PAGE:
First, let’s start with the definition of LEAD. If it’s transactional, then jump on that phone right this second.
Someone calling to get mortgage or insurance rates. Or a loan. CALL NOW.
Someone completed a demo request form. CALL NOW.
Filled out the Contact Us form. WHAT ARE YOU WAITING FOR!?
Started a FREE trial. OK, CALL.
But if it’s not really a true lead, then you need to keep nurturing. Some of these situations might include:
Registered for a newsletter. Not waiting by the phone for you to call.
Downloaded a whitepaper. It depends. What else have they done or looked at? But still, not likely to be waiting by the phone for you to call in the next 21 seconds. They might even want to read the paper first.
Registered for a webinar. This one I’d make a priority right after the webinar ends. And call whether they managed to attend or not. If someone is willing to devote an hour to your product, or even intended to devote an hour, they are in the buying mode.
Cards from the Tradeshow fishbowl? No. If there was a hot lead, pull that one and prioritize for immediate follow up. Everything else goes to nurturing for further qualification because they are still just suspects.
You may have started to discern a pattern here. Before you can set a lead response goal, your trigger qualification requires a very precise definition of what a lead is and an agreement between sales and marketing to be effective. You don’t want sales intercepting leads that really still need nurturing. And on the other hand, you don’t want sales to be penalized if marketing hasn’t set up a workflow to get sales the urgent leads literally the second they arrive. No more handing out hot leads to sales a day (or week) too late! Those critical transaction forms are the ones you want to set up the auto-dial triggers that ring right to a sales desk.
Bottom line, if you have web call-back form technology, it’s important to be thoughtful about what forms you connect it to. On one you’ll get the “Wow you are responsive” comment and the other you’ll get the “Why are you bothering me?” comment.
Consider the History
When I started researching this topic, one of the case studies that showed up a lot (in the AA-ISP knowledgebase as well as online search) was a study from 2009. Wait! 2009!!!!???? That’s SEVEN years ago! In sales and marketing tool years that may as well be 1984.
When the case studies by InsideSales.com and MIT were done back in 2009 Marketing Automation tools were a lot less advanced and not as popular (Eloqua was just gaining momentum and Marketo was new). The lead hand-off process was manual in most companies. Marketing would pass along pretty much anything to Sales, either in business cards or a spreadsheet, or best case dumping them into the leads tab in Salesforce.com, and sales followed up on all of it. This was really inefficient, and getting to a lead within 1 day was an ideal goal. Then came what I call the stalking era. Sales folks discovering they could see when you opened an email or visited a page on the website – without having to wait for marketing. And they called you right then! Creepy!!! It wasn’t for another couple of years that lead scoring and automated nuturing became widely adopted.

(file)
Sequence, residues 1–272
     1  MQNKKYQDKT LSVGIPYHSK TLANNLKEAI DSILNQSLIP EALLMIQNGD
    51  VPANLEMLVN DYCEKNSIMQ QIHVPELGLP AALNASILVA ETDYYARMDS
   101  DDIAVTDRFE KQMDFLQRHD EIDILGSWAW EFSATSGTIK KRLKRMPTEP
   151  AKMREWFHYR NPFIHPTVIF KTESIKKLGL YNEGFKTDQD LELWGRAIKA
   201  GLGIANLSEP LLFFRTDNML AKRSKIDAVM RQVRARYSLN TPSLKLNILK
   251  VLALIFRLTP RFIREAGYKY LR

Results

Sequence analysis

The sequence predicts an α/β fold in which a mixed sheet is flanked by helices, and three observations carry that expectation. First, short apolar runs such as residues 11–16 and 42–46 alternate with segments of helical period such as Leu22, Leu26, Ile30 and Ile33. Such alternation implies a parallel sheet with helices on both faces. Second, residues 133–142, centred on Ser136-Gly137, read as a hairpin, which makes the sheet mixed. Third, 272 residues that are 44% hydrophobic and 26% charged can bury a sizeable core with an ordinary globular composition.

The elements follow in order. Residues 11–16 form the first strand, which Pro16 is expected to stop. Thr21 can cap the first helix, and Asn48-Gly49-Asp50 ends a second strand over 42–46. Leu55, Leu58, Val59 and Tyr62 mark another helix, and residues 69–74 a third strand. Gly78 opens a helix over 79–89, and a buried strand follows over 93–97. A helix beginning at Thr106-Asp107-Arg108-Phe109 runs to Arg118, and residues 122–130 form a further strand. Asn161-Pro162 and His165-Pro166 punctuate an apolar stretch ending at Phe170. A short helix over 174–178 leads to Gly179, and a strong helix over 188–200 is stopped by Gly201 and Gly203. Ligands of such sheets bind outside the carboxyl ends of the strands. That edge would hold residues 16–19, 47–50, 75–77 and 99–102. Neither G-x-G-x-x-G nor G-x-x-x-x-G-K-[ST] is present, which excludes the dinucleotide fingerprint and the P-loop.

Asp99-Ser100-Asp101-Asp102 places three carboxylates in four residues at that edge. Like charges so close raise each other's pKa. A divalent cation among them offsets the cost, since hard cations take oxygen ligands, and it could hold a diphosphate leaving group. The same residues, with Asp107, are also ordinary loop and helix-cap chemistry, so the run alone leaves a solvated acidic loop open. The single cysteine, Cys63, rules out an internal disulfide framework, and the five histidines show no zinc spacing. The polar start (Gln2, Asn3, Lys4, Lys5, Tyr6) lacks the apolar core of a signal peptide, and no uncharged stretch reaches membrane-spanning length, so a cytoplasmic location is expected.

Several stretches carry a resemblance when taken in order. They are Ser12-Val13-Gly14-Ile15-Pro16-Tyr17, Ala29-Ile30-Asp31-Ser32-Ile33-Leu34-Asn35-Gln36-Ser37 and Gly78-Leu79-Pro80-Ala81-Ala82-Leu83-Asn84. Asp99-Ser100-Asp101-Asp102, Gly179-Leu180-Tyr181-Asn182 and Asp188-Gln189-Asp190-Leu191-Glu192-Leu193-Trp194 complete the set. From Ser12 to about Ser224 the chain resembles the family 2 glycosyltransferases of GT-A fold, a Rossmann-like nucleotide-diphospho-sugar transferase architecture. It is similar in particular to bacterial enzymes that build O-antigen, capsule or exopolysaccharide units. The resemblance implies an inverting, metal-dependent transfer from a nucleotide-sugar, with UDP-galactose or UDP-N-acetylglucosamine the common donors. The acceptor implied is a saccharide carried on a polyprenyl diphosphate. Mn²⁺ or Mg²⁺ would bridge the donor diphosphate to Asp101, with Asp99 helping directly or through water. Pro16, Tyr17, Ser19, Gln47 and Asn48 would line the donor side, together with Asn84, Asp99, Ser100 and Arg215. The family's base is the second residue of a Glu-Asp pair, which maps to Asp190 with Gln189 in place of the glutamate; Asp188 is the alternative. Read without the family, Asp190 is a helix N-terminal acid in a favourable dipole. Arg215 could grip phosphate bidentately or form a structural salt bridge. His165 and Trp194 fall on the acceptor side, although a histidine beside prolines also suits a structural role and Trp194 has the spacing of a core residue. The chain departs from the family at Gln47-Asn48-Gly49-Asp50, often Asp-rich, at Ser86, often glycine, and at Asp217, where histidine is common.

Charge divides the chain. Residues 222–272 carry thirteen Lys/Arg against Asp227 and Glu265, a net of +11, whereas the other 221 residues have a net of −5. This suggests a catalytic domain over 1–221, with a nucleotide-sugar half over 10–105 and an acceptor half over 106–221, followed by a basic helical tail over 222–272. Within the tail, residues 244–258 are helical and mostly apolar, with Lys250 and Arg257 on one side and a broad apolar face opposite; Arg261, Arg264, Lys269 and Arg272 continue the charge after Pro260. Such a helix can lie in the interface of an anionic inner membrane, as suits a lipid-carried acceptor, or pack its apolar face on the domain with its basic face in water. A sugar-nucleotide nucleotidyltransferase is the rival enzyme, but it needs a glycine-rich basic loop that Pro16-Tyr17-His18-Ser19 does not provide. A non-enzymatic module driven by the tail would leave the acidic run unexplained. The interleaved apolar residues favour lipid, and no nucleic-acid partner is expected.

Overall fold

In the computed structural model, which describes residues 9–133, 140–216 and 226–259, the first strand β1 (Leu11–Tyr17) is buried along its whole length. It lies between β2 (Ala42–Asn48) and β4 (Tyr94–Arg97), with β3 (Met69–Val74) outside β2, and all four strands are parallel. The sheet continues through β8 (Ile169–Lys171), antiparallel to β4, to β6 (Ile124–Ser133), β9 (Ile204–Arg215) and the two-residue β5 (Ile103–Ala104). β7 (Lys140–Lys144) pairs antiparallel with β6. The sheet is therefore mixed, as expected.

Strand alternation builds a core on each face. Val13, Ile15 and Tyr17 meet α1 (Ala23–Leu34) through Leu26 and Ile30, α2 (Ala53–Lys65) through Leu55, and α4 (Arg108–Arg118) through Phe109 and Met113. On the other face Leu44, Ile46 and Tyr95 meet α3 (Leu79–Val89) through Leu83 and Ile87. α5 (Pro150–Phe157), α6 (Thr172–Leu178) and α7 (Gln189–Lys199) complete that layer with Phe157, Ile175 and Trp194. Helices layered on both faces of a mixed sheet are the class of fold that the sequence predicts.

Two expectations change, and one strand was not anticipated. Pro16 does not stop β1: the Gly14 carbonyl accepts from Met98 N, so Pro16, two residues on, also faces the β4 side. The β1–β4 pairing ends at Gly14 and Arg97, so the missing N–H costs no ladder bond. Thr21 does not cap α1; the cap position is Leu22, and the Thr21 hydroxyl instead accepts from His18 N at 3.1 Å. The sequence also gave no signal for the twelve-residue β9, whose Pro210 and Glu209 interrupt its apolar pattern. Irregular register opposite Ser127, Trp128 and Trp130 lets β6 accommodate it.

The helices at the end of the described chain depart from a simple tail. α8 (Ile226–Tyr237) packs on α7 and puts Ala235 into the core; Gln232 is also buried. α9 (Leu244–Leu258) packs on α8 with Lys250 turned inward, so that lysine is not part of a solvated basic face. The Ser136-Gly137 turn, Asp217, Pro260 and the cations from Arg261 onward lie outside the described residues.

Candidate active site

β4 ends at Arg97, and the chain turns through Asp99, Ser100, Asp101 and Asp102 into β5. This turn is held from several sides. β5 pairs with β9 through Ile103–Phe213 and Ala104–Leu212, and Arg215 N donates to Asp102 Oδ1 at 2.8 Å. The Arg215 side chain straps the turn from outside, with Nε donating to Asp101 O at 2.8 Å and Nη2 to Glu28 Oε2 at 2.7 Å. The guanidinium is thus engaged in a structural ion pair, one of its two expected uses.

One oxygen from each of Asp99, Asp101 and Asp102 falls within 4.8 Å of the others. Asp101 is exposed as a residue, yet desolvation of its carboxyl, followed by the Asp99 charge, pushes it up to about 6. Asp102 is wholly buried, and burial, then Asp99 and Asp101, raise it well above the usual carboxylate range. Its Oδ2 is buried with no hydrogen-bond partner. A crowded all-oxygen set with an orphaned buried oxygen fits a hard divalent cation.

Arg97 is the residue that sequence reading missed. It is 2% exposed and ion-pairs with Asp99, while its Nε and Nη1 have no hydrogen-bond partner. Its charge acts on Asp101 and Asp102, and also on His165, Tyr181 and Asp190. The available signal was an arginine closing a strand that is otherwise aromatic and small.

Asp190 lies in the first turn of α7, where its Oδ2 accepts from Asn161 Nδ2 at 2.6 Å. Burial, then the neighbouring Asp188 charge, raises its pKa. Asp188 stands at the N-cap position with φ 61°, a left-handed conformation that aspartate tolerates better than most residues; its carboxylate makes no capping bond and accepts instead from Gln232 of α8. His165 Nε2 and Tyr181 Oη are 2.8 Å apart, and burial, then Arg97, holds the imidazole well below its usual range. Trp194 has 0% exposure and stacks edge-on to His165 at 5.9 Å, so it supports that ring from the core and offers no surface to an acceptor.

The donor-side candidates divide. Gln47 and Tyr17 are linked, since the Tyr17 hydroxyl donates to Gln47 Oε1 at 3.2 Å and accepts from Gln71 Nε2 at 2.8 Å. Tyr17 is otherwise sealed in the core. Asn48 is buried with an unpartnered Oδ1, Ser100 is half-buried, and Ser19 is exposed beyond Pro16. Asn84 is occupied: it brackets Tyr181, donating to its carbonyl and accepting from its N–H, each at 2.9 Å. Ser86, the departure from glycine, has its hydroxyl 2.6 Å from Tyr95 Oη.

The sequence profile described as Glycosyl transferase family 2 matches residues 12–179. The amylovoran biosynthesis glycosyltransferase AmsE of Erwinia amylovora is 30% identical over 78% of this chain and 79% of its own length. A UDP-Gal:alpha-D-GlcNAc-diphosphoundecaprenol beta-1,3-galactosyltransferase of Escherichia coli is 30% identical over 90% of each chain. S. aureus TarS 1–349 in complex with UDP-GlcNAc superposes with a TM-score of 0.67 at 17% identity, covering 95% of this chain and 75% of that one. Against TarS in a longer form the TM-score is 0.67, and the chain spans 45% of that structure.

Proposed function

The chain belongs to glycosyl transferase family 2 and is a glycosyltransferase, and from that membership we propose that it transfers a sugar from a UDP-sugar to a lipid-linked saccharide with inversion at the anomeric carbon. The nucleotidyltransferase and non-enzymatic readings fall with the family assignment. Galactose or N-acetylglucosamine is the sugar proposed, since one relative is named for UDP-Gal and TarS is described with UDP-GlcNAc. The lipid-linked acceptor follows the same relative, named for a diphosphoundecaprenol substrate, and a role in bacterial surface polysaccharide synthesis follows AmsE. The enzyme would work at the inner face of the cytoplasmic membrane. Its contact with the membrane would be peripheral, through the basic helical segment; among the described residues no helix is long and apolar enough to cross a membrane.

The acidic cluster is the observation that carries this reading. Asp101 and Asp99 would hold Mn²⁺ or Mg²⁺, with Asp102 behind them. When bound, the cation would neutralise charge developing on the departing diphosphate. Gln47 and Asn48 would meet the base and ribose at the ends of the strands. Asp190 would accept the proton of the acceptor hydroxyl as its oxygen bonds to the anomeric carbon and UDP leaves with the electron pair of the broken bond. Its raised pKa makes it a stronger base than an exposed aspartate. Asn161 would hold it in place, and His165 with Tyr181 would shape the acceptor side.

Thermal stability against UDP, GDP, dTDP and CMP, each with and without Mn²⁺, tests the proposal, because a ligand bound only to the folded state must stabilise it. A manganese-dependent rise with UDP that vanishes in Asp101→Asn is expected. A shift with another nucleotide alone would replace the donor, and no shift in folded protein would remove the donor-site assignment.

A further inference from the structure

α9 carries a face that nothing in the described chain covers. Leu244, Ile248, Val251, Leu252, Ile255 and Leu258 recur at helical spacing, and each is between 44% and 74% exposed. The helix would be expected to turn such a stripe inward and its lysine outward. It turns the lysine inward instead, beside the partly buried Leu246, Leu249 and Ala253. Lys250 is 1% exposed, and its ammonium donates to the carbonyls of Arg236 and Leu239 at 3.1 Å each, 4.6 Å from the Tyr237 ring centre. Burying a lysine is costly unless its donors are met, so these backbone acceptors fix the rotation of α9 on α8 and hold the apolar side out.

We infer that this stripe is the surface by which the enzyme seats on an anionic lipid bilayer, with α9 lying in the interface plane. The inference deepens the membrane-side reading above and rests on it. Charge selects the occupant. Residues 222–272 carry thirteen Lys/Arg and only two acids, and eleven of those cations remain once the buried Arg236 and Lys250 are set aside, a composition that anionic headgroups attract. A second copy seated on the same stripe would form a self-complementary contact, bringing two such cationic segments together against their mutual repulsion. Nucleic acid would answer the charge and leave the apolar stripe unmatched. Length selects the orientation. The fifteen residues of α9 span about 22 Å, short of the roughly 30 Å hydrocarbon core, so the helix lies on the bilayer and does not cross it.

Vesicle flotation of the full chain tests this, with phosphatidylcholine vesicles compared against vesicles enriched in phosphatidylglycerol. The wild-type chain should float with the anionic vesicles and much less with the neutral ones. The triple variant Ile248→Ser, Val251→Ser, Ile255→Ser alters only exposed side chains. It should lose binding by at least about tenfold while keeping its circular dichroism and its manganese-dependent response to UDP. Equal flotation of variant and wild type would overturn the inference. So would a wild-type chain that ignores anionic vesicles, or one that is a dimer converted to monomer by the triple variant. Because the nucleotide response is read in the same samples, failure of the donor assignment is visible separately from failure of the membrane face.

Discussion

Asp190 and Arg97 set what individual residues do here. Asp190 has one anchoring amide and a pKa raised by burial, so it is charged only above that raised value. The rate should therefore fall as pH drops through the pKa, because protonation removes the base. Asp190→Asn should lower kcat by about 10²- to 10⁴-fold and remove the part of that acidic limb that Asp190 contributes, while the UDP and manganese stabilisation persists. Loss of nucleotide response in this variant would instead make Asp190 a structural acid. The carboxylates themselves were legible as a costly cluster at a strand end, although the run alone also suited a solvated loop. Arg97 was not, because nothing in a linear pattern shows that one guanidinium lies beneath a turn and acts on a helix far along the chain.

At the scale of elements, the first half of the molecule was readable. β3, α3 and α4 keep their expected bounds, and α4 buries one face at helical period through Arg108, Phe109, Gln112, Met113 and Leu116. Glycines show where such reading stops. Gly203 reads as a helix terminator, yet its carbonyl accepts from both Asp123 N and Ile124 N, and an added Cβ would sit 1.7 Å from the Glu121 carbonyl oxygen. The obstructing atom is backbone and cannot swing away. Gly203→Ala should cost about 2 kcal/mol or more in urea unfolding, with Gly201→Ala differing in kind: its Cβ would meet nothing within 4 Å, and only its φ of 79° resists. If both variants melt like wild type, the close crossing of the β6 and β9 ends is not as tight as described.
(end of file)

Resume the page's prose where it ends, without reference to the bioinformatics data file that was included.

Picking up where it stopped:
More Contemporary Lead Response Time Guidance
Here are some of the resources I recommend when you are thinking about setting up your lead response process. It really starts with the product you have and where you are in the adoption curve. Your whole team set up should be around whether you have a brand new solution in a new area where people are calling you, hot for a demo. On the other end of the spectrum, a legacy enterprise system takes a different approach and a different team and follow up structure. Also look at the various steps in the lead capture and distribution flow, so the onus isn’t just on sales. Marketing needs to be effective in the capture and handoff. Check out what some of these experts are saying:
Trish Bertuzzi, The Sales Development Playbook
Andy Paul, Zero Time Selling
Geoffrey Moore, Two Different Sales Motions, on LinkedIn Pulse
In the end, lead response time is not so much about being a race as creating the right experience for the buyer. If the buyer is expecting you to call, then be prepared to do so immediately. Ideally, you want to be calling back within an hour. Think about the average window of attention most people have. After an hour they’ve moved on to the next call or meeting. If you can optimize that with technology, research shows that your results are better, the sooner you reach out. The days of waiting a day or more to reply to a Contact Me are over.